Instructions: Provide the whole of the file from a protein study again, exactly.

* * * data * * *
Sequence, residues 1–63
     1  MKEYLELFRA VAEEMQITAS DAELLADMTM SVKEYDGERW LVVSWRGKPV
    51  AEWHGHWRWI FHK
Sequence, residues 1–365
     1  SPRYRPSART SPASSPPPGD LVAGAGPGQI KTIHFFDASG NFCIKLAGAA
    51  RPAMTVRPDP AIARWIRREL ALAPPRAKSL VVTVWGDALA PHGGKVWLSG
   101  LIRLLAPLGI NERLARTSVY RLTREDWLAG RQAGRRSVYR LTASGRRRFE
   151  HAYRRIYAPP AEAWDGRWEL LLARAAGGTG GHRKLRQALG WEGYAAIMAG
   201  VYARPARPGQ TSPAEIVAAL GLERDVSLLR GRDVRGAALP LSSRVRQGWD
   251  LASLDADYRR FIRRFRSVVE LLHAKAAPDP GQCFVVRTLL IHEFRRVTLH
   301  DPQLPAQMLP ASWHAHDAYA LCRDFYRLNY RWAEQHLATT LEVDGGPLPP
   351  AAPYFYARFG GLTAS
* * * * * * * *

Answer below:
Sequence, residues 1–63
     1  MKEYLELFRA VAEEMQITAS DAELLADMTM SVKEYDGERW LVVSWRGKPV
    51  AEWHGHWRWI FHK
Sequence, residues 1–365
     1  SPRYRPSART SPASSPPPGD LVAGAGPGQI KTIHFFDASG NFCIKLAGAA
    51  RPAMTVRPDP AIARWIRREL ALAPPRAKSL VVTVWGDALA PHGGKVWLSG
   101  LIRLLAPLGI NERLARTSVY RLTREDWLAG RQAGRRSVYR LTASGRRRFE
   151  HAYRRIYAPP AEAWDGRWEL LLARAAGGTG GHRKLRQALG WEGYAAIMAG
   201  VYARPARPGQ TSPAEIVAAL GLERDVSLLR GRDVRGAALP LSSRVRQGWD
   251  LASLDADYRR FIRRFRSVVE LLHAKAAPDP GQCFVVRTLL IHEFRRVTLH
   301  DPQLPAQMLP ASWHAHDAYA LCRDFYRLNY RWAEQHLATT LEVDGGPLPP
   351  AAPYFYARFG GLTAS